This site is part of the Global Exhibitions Division of Informa PLC

This site is operated by a business or businesses owned by Informa PLC and all copyright resides with them. Informa PLC's registered office is 5 Howick Place, London SW1P 1WG. Registered in England and Wales. Number 3099067.


A Self-Storage Operator's Guide to Negotiating Third-Party Service Contracts

Continued from page 1

Operators should also read the contract thoroughly. Dale Payne, sales manager for Sovran Self Storage Inc., which manages Uncle Bob's Self Storage facilities, says he makes notes and highlights problem areas, then lists items in the order they appear on the contract for reference. "You will also find by doing this you take control of the negotiation by being prepared," he says. "The other side will respect the time you took to understand the contract."

Don't be afraid to ask questions, adds Zucker. "If you don't understand the contract, it will really be difficult for a judge or jury to interpret it later," Zucker says.

If all else fails, you can always go back to numbers, Payne says. Dates, percentages and dollar amounts should match what you agreed on. Even if the legal language is a nightmare, concrete numbers will always help to indicate whether both parties are on the same page.

Understanding the terms of the contract is key to negotiations, Dixon says. "If there is any misunderstanding in the end product/service, then you will fail at the final negotiations." 

Look for Resources

If you're inexperienced with contracts, you don't have to figure them out on your own, as there are a number of resources to help you define contract terms and zero in on problem areas:

  • Attorneys: Most operators likely retain an attorney now and again to handle any legal questions. "When it comes to the language of a contract, it was probably written by an attorney, and you would be wise to have a lawyer who represents your interests review the contract and approve or make changes," Payne says.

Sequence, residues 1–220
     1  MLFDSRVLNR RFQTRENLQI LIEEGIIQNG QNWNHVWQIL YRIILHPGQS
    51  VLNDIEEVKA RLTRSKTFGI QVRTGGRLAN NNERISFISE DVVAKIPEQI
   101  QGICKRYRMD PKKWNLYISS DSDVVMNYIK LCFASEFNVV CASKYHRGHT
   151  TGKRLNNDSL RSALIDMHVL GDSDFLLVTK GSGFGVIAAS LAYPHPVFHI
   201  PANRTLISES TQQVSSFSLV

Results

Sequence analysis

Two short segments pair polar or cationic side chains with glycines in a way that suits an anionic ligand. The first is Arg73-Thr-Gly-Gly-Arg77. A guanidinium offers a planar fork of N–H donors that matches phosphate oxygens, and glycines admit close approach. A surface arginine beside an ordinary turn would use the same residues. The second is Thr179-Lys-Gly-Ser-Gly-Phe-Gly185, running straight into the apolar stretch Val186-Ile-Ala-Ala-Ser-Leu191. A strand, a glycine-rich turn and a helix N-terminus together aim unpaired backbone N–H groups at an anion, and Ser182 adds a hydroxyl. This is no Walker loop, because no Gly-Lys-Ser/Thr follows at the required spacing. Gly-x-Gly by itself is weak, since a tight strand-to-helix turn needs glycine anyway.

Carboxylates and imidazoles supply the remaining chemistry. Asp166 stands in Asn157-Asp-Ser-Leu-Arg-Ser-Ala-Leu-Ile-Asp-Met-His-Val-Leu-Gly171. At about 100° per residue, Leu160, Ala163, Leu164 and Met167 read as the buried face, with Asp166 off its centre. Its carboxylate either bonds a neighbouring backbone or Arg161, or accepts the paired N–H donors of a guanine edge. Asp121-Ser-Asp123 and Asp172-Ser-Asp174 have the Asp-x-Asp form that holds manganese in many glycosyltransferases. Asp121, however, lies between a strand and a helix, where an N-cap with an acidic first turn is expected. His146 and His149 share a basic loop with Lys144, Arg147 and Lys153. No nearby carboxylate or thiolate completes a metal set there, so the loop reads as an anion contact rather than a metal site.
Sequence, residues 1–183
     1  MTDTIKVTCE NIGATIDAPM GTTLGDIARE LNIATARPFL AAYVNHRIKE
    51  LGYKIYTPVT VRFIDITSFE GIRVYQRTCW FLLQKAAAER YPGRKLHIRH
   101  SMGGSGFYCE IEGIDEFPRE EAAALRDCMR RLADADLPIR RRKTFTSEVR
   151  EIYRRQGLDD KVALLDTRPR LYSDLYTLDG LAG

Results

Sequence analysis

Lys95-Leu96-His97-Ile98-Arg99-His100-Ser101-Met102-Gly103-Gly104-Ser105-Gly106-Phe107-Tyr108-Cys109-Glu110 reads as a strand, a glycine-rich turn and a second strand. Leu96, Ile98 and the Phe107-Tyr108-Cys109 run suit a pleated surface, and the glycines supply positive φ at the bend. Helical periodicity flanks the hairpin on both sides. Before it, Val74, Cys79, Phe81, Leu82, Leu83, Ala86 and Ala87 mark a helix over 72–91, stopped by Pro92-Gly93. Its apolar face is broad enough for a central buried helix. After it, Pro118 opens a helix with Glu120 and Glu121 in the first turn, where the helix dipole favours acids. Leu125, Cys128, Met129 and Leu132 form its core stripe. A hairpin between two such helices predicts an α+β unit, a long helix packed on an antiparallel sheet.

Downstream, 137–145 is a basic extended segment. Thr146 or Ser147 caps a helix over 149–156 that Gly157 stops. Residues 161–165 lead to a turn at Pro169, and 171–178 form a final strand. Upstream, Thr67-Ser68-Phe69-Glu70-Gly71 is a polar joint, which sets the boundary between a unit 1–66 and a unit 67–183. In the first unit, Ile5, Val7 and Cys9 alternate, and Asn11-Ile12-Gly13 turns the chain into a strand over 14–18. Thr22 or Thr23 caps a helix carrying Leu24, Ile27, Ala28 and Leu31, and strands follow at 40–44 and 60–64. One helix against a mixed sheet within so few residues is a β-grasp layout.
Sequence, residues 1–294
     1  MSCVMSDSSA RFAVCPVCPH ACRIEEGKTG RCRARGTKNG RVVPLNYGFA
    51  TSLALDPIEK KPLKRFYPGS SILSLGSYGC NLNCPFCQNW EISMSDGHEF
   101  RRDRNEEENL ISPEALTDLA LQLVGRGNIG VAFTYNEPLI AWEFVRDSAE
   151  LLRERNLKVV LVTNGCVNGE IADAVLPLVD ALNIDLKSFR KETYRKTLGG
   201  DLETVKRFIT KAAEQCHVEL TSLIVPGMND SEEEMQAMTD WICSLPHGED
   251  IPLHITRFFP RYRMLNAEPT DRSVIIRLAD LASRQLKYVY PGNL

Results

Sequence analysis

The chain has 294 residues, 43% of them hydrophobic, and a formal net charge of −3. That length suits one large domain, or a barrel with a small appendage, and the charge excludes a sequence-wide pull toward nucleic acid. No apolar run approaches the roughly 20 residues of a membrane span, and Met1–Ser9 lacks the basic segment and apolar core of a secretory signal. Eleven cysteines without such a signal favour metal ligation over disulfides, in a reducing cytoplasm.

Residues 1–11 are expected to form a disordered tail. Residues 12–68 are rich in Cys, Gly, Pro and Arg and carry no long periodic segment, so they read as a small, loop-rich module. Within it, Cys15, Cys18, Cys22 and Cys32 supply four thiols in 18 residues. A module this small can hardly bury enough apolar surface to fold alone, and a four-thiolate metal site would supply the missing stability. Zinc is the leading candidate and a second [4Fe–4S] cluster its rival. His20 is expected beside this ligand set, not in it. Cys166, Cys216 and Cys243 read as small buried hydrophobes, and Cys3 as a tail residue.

• Co-workers: You can also find someone in your company who negotiates contracts regularly. "Usually an experienced negotiator can quickly find items in the contract that may need clarification or an overhaul," says Payne.
  • Other operators: Look for peers who have gone through the negotiations, Dixon says. "They can sometimes get you a shortcut to the proper person in the organization or point you to the best product/service to suit your needs."
  • State associations: You can also contact your state association to help decipher a confusing contract. Many associations retain legal council for their members, have board members who frequently deal with contracts, or can refer you to another source.

Get What You Need: Negotiate Honestly

Honesty is central to the contract process. Be fair and let vendors know you're getting quotes from others, Dixon says. "The result is typically the best price for what you are looking to purchase, because they will know others are looking to provide a service to you as well."

comments powered by Disqus